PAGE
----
Take Away: There are a lot of ideas in the world and many may be worth doing, but if they're not simple and useful, they will have a hard time of being sustainable. Focus on ideas that can lead to something useful and change people's lives in a big way. Make your idea easy, digestable and sustainable and then, you can move that idea to action in a way that will have a huge impact on communities and individuals around the world.
Harry Kraemer says from a place of passion and conviction as he walked out onto the United Nations stage: We enter the modern world with multitasking. From his perspective as someone who drives leadership and management in the world as a Northwestern University's Kellogg School of Management professor, he notices that people are driving, eating a Big Mac, shaving and texting in the car, sometimes all at the same time. He says, "we just go faster and faster."
In this race we call life, he asserts that we have we confused activity with productivity. He asks: "we're very active, but how productive are we? As leaders, it matters to define what doesn't matter and what does and start moving your values and ideas to action."
He believes that there are four key principals that make up really great leadership. I loved his list so much that I decided to list them in detail here.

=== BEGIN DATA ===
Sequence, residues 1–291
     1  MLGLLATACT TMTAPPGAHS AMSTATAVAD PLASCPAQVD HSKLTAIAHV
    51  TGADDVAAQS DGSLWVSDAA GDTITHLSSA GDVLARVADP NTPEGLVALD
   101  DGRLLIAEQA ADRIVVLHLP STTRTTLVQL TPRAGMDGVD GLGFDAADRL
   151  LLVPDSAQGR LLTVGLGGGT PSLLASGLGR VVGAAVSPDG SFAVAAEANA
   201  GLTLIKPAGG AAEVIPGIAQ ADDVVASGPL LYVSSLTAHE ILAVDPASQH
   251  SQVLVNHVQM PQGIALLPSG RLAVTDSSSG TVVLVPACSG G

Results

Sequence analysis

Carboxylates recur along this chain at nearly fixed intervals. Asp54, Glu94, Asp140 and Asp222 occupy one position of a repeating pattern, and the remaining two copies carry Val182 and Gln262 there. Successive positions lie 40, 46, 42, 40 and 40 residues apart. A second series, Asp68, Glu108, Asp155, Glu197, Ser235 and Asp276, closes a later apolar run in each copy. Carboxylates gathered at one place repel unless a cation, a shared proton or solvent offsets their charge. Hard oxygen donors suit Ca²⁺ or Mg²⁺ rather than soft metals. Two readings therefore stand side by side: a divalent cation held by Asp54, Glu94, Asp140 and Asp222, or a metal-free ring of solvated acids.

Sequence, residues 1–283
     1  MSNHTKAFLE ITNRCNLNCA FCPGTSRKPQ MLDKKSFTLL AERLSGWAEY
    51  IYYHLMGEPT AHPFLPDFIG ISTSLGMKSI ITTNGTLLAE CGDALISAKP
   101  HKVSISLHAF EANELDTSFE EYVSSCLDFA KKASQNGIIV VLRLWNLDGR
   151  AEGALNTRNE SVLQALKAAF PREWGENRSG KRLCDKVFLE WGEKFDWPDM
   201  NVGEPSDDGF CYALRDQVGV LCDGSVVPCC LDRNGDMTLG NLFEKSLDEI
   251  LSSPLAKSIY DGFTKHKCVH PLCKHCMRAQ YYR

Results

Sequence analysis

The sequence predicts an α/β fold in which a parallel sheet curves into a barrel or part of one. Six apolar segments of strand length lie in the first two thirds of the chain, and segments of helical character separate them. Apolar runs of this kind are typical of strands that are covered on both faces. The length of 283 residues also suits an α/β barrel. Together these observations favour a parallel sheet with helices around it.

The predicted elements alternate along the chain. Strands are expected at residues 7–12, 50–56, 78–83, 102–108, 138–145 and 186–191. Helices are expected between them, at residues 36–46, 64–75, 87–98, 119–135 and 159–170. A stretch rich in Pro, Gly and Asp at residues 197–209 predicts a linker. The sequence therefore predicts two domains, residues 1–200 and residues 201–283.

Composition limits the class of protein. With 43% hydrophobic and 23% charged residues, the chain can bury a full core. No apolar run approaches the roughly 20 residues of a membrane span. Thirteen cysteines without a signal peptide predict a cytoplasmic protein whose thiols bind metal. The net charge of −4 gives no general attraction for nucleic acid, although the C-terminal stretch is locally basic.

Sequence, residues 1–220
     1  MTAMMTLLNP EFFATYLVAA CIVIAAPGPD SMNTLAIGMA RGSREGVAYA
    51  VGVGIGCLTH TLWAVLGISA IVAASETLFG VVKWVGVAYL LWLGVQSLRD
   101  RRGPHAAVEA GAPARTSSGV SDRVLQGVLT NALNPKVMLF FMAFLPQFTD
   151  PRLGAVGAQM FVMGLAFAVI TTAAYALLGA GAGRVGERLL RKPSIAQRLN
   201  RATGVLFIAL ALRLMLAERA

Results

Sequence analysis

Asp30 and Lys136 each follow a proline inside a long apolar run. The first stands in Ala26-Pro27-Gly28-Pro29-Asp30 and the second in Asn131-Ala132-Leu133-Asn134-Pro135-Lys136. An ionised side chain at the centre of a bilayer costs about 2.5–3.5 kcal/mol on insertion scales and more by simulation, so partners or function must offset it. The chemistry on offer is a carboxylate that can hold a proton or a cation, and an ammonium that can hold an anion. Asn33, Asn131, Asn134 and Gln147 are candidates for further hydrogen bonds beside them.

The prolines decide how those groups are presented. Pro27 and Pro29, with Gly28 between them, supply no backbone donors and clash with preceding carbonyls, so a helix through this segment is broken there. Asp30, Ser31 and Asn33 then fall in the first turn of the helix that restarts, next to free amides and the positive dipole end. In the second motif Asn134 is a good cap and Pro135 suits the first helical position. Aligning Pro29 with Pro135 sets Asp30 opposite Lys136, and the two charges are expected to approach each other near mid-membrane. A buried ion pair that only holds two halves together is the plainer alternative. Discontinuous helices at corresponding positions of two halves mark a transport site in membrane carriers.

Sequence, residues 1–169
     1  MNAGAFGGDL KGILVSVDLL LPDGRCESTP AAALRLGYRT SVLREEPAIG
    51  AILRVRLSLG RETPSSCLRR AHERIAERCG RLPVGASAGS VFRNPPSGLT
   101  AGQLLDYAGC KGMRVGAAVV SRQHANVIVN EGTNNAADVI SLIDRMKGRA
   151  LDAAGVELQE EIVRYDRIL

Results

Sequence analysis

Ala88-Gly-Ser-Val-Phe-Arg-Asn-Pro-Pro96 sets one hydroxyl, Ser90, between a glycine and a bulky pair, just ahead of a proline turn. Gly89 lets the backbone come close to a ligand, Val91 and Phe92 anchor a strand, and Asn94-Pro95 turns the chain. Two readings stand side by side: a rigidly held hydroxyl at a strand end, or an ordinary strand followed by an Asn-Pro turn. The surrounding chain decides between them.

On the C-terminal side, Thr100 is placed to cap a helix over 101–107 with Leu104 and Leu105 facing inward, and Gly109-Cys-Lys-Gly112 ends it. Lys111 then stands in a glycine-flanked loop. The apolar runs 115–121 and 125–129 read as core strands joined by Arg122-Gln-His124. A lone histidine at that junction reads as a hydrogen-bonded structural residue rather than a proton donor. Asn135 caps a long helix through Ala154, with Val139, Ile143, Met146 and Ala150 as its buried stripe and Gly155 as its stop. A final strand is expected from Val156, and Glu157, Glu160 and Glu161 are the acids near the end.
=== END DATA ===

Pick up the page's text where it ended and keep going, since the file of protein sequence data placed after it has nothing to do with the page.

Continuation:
- Self Reflection: Ask yourself: what are my values? What do I really stand for? What really matters? What difference to I make? What example would I like to send to the world? By slowing down, we really can separate noise from what really matters. Ask myself how do I lead people? What am I proud of today? If I lived today over again, what would I do differently? If I have tomorrow and if I'm a learning person, what would I do differently based on what I learned today. Doing so can help me me figure out what kind of impact I want to have. Taking time and making quality time differentiates real leaders. Remember that true leadership is not about control and organizational charts.
- Balanced Perspective: This is the ability to take the time to understand other sides of the story. Seek to understand before you're understood. If I'm really listening, I may hear the answer if I take the time to listen to them. Ask yourself: are you listening enough on a regular basis that the other people actually feel heard?